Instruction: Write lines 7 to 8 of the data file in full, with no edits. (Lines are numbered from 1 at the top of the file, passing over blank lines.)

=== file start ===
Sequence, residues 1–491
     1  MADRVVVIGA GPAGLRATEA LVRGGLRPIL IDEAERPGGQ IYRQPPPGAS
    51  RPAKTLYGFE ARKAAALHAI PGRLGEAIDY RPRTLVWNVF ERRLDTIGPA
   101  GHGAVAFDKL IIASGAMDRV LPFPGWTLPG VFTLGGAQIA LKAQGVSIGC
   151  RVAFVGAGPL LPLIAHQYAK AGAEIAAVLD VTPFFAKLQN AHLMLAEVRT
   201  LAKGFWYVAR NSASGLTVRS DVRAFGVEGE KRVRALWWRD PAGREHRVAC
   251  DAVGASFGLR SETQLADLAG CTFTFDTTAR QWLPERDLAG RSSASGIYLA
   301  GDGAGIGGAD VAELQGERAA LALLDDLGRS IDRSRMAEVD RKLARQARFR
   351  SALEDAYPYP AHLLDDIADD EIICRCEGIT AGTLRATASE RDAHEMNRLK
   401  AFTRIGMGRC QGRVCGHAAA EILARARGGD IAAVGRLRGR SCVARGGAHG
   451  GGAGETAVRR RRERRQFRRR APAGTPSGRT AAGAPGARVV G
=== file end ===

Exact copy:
   251  DAVGASFGLR SETQLADLAG CTFTFDTTAR QWLPERDLAG RSSASGIYLA
   301  GDGAGIGGAD VAELQGERAA LALLDDLGRS IDRSRMAEVD RKLARQARFR